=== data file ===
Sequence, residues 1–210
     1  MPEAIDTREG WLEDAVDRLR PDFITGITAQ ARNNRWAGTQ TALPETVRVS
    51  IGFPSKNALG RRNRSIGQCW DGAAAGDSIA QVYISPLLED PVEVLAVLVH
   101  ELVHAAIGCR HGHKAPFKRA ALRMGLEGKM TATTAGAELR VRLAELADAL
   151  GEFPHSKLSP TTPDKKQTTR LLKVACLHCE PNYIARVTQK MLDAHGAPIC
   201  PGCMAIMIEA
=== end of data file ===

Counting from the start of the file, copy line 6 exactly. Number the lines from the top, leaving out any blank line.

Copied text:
   201  PGCMAIMIEA